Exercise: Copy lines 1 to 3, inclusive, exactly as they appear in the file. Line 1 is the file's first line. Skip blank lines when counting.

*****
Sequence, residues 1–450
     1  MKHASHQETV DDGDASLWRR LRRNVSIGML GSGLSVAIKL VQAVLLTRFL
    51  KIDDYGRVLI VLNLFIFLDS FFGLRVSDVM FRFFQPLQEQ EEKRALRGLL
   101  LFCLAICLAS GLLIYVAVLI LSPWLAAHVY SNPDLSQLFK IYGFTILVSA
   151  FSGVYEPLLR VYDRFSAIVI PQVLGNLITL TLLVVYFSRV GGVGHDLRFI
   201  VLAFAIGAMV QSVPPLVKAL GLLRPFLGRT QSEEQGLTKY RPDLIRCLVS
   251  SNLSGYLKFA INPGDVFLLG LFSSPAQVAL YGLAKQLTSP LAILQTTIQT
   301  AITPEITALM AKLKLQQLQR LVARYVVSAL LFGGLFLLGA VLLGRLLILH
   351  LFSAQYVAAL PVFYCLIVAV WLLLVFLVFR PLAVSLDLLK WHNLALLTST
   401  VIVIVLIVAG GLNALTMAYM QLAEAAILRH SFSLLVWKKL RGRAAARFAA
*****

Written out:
Sequence, residues 1–450
     1  MKHASHQETV DDGDASLWRR LRRNVSIGML GSGLSVAIKL VQAVLLTRFL
    51  KIDDYGRVLI VLNLFIFLDS FFGLRVSDVM FRFFQPLQEQ EEKRALRGLL